Elite Labour Markets and Executive Search Firms

The emergence of the idea that talent and ‘knowledge workers' are the drivers of economic success can be attributed to two significant changes in the economy over the past fifty years. First, and most structurally, has been the changing role of the so-called ‘developed' nations in the global economy (see Dicken, 2007; Massey, 1995). The initial rise of low-skilled manufacturing activities in ‘developing' countries and more recently research and development activities in the first-wave newly industrialised nations has led to calls for countries with long-histories of manufacturing to ‘move up the value chain' and focus upon knowledge-intensive industries (DTI, 1998). Related to this, the rapid emergence of post-industrial economies in the ‘developed' world, characterised by rapid growth in producer and consumer services (Bryson, Daniels and Warf, 2003) and high-value technological industries (Saxenian, 2006), has fuelled the global demand for executive and highly-specialised, elite labour. This is particularly true in places like the global cities (Sassen, 2001), international financial centres (Beaverstock, 2006) and technological clusters (Saxenian, 2006). This emergence of new service and technological industries has, at the same time, created the conditions for global elite labour markets as worldwide demand is fuelled by new types of senior leadership, scientific and fee-earning occupations which didn't exist ten or twenty years ago (Jones, 1989). For example, in an industry like accounting, diversification over a twenty year period has changed the audit dominated labour market, to one of audit and corporate finance, taxation, consulting and, even executive search (Beaverstock, 2007).

Second, what might be called the neo-liberalising of labour markets has led to a readjustment in the behaviours of employers and employees alike (Herod, 2000; Peck, 1996). This process, which has bitten most in the past two decades, has multiple facets that we cannot fully explore here. Most significant for our argument, however, is the effect on labour mobility. An important tenet of neo-liberal policies is free labour markets and unrestrictive labour regulations in which responsibility for success lies with the individual rather than the state or their employer. As Finlay and Coverdill (2000) argue, since the late 1970s in the USA and more recently the UK and other parts of Europe and the world, one effect of this has been the weakening of ties between employers and employees1. This is a result of both the growing ability and willingness of employers to dismiss workers and at the same time an increasing willingness of employees to change jobs frequently so as to progress their career. This has often replaced the ‘job for life' culture, although variants of this do still exist in a number of countries. Consequently the idea of the ‘internal labour market', where firms promote to the leadership ranks from within, has withered with, instead, the worldwide search for talent becoming a major preoccupation of managers in transnational corporations.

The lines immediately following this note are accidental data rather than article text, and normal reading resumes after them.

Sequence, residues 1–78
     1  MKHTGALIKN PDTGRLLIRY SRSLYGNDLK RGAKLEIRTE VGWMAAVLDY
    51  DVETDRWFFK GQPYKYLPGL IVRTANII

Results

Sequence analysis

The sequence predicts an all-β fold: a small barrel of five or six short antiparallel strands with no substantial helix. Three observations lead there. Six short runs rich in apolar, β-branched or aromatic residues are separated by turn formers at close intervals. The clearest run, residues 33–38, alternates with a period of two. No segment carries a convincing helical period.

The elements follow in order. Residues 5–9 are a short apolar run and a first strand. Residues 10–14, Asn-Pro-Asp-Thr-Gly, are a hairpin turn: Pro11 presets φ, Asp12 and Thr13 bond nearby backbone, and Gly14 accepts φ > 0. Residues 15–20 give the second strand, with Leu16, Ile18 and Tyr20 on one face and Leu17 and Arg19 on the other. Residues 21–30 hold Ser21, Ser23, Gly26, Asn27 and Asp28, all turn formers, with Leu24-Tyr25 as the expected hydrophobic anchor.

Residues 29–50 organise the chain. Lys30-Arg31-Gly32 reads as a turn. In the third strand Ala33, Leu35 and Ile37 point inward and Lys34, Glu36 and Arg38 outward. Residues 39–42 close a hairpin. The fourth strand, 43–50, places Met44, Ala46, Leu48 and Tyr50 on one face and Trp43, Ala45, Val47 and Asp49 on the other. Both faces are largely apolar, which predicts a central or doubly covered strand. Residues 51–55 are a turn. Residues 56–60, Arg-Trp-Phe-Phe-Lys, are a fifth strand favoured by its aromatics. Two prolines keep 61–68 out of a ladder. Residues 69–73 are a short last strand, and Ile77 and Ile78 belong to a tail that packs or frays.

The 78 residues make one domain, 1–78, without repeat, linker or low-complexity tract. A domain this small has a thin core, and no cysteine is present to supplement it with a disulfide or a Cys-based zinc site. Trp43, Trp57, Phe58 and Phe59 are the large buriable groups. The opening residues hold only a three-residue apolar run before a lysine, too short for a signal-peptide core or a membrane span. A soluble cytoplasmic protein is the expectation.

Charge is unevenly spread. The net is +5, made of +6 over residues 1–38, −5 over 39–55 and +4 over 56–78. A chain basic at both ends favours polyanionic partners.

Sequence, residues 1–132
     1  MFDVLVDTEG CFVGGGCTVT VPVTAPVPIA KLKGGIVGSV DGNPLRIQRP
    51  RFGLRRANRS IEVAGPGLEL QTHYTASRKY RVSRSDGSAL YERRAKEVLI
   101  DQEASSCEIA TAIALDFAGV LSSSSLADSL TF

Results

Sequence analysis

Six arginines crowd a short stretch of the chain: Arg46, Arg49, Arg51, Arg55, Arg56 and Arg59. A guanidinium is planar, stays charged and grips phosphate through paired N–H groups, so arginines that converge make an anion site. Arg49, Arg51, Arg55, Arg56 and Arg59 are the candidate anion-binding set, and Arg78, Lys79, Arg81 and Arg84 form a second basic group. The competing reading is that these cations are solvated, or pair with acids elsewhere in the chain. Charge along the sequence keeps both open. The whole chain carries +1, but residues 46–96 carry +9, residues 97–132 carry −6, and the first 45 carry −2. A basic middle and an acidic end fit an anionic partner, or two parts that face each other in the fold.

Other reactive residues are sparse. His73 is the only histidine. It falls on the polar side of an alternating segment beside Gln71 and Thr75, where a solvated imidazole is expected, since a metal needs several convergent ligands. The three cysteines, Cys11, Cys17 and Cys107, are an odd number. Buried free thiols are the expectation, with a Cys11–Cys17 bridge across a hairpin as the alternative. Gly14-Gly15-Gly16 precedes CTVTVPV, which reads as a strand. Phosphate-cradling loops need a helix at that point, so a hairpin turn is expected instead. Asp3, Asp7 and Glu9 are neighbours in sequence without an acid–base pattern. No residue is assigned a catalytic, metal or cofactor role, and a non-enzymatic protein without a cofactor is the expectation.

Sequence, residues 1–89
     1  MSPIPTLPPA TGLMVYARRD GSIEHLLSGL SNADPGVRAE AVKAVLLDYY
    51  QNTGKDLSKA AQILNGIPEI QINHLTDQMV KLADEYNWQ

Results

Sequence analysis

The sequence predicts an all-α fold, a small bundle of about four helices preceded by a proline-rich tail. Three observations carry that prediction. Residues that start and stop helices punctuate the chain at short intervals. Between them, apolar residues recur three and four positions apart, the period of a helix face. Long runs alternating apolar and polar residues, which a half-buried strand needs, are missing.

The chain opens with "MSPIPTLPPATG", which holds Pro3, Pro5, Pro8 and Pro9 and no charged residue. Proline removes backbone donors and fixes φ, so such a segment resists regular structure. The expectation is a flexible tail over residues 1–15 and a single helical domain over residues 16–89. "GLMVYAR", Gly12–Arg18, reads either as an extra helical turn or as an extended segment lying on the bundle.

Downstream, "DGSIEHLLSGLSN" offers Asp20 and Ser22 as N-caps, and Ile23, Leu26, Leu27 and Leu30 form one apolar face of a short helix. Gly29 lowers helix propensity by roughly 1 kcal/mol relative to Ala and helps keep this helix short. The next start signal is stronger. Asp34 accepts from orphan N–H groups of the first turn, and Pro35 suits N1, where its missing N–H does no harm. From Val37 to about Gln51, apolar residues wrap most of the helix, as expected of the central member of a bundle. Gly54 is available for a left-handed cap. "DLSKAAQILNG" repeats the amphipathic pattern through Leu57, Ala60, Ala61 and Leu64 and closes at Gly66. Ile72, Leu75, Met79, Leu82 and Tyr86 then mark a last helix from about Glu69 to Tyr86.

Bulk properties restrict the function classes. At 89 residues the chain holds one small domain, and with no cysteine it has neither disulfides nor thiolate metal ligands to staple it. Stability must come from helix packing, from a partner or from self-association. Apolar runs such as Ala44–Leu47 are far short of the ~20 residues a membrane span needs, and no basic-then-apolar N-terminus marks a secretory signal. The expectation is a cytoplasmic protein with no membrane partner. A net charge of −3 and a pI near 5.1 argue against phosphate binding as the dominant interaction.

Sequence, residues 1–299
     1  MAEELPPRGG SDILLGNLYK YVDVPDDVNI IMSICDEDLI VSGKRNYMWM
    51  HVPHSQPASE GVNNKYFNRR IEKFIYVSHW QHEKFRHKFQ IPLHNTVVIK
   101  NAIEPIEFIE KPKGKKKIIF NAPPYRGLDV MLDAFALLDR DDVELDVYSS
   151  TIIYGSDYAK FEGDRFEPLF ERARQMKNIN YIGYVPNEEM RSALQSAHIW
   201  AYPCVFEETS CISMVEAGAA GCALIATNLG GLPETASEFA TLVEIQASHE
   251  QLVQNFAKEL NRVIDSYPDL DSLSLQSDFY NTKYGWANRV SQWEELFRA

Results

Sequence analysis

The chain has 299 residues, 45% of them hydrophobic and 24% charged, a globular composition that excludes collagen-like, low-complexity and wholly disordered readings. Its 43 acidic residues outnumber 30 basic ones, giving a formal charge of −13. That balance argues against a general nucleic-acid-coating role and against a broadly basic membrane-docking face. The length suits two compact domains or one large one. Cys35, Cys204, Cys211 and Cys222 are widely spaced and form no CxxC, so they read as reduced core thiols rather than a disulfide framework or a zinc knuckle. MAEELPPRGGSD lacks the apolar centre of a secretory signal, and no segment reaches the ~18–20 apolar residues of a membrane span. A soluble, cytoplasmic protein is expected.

Fluid Labour Markets?

The initial analysis of the contemporary conditions of elite labour markets would suggest a geographical fluidity unhindered by regulation and favouring those with ‘talent' however defined. This, we contend, is far from the case. A critique of ‘free' labour markets could be made based on a discussion of the regulatory hurdles to the free movement of labour (see for example Neumayer [2006]). However, most pertinent in relation to our interest in executive search firms is the falsity of the neo-liberal market ideal of buyers and sellers (employers and employees) negotiating in a free and open markets. A number of important labour intermediaries have emerged, with temping agencies at the ‘bottom' unskilled end of the market (Peck and Theodore, 2001; Peck et al. 2005; Ward, 2004) and executive search at the ‘top', elite skilled end of the market (Faulconbridge et al., 2008; Finlay and Coverdill, 2000; Jenn, 2005). It is work on temping that has provided the seminal contribution to our understanding of this phenomenon and its implications for labour market dynamics.